After the Battle of Siffin the Kharijites had separated from the community and camped at Harura a few miles from Kufa. Their stand was that Ali had made a mistake in accepting the arbitration of men Ali was asked by them to lead them to war against Muawiyah. Ali had tried to conciliate them, and assured of them that he would lead them to war in case the decision of the umpires was against the injunctions of Islam. Some sort of conciliation was brought about between Ali and the Kharijites, and most of the Kharijites returned to Kufa. The Kharijites were a restive and over sensitive people of the extremist type. The Kharijites slipped from Kufa one by one, established a settlement at Nahrawan, a few miles to the east of the Tigris near Madain. The Kharijites from Basra and elsewhere in Iraq also migrated to Nahrawan Here the Kharijites gathered in strength. They elected an Amir of their own. They were very meticulous in observing prayers and following other injunctions of Islam. They aspired to live sinless lives. They declared that they were not interested in the affairs of this world, and that they had sold their lives to win paradise in the next world. Where a Kharijite picked up a date under a date tree and ate it he subsequently cut his right hand himself on the ground that the eating of the date without purchasing it from the owner amounted to a theft. On the other hand when any Muslim indulged in any controversy with them, they invariably killed him. They held that no one except themselves was a Muslim, and it devolved on them to get rid of such people who did not agree with them. They let loose a reign of terror in the countryside and created a problem of law and order for the administration. When the Kharijites of Basra migrated to Nahrawan they met in the way some Muslims including Abdullah the son of an eminent companion Khabab. The Kharijites killed him as well as the woman who accompanied him.
When Ali was ready for a march to Syria he sent a message to the Kharijites asking them to join him in the march to Syria. Ali brought home to them the point that he had undertaken to lead them to war against Muawiyah after the decision of the arbitrators was known and now that he had repudiated the decision of the umpires and was leading a force to Syria they should 30in his ranks as originally agreed upon. The Kharijites gave an insolent reply to the invitation. They said that when they had asked Ali to lead them to war he was the Caliph of the Muslims, and it was incumbent on them to support him for thereby they were to serve the cause of God. After the decision of the umpires the position had been changed. According to this decision Ali had been deposed, and power had been vested in his rival Muawiyah. In these circumstances Ali was undertaking a campaign against Muawiyah for a personal end. They observed that as the warriors of God, they were committed to fight in the cause of God alone, and not in the cause of any particular person to secure a worldly end.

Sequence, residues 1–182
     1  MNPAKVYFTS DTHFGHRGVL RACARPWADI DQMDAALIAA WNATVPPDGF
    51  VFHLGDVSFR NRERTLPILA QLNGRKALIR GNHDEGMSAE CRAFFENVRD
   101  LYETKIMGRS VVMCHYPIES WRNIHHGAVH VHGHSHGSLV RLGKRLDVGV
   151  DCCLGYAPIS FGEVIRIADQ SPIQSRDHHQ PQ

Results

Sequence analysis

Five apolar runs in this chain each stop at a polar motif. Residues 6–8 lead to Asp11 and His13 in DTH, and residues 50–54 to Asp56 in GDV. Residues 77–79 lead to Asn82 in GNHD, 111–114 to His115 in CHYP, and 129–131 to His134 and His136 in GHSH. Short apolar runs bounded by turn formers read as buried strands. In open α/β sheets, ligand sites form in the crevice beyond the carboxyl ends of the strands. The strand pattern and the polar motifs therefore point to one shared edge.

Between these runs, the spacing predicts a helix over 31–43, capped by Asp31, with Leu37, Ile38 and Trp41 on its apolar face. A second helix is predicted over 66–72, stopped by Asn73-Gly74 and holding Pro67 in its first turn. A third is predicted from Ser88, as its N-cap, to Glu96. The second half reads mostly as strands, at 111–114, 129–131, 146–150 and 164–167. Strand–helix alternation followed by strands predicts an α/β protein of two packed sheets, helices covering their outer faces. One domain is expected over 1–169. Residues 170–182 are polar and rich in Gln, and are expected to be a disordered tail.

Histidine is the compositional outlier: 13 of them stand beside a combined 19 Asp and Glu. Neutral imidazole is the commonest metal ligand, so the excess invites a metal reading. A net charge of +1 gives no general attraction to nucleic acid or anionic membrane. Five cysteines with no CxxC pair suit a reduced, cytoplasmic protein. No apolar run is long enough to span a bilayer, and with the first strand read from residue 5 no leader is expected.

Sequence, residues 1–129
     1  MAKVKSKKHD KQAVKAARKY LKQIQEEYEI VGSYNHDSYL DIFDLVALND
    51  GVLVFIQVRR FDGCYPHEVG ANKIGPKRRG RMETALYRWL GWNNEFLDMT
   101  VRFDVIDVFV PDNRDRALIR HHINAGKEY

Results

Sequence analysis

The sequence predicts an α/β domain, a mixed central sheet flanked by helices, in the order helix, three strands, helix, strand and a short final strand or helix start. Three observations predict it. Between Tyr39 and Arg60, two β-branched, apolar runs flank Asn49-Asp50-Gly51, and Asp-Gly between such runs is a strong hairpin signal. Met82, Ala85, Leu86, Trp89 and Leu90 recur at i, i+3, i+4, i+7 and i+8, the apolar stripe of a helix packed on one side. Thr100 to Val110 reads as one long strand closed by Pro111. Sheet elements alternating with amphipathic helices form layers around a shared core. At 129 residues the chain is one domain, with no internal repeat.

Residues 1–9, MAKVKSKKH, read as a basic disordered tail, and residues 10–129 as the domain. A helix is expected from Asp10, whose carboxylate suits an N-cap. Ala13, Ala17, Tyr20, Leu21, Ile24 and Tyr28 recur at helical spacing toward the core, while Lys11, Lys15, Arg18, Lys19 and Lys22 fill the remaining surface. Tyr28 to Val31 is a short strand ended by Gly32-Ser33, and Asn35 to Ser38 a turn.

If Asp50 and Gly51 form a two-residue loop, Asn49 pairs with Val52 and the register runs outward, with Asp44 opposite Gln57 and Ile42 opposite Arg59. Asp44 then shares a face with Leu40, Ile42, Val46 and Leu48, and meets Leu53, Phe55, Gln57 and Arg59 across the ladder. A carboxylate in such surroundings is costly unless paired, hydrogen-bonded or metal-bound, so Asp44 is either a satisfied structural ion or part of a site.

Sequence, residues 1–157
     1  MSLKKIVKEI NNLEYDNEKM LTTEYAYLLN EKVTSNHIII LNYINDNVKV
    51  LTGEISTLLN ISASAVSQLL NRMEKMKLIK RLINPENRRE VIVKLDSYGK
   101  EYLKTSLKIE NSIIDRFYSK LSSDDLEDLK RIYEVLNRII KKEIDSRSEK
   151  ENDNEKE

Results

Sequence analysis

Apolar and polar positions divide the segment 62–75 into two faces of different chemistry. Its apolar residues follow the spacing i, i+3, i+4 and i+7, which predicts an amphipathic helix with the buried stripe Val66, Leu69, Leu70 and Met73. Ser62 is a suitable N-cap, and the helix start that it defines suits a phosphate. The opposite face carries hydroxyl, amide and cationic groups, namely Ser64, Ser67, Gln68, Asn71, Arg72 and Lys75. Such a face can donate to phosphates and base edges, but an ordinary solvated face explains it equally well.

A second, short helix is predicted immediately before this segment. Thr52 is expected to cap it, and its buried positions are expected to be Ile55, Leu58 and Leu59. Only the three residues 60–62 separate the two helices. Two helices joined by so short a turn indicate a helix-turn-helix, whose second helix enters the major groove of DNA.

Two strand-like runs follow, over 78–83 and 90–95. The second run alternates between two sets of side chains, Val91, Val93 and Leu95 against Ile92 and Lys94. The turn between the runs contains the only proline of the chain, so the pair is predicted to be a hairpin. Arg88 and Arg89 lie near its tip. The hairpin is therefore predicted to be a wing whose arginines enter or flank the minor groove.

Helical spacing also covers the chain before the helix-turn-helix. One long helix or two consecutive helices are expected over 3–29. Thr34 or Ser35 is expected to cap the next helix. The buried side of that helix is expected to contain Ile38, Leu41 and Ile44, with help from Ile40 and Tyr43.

Ali felt that it was futile to argue with a fanatic people like the Kharijites. He was accordingly of the view that they should march to Syria without bothering for the assistance of the Kharijites. His army men however expressed the view that when they were to be away there was the danger that the fanatic Kharijites would terrorize and murder their families. Ali was accordingly prevailed upon to deal with the menace of the Kharijites before proceeding to Syria. Ali agreed to this view and the force that was to proceed to Syria proceeded to Nahrawan instead.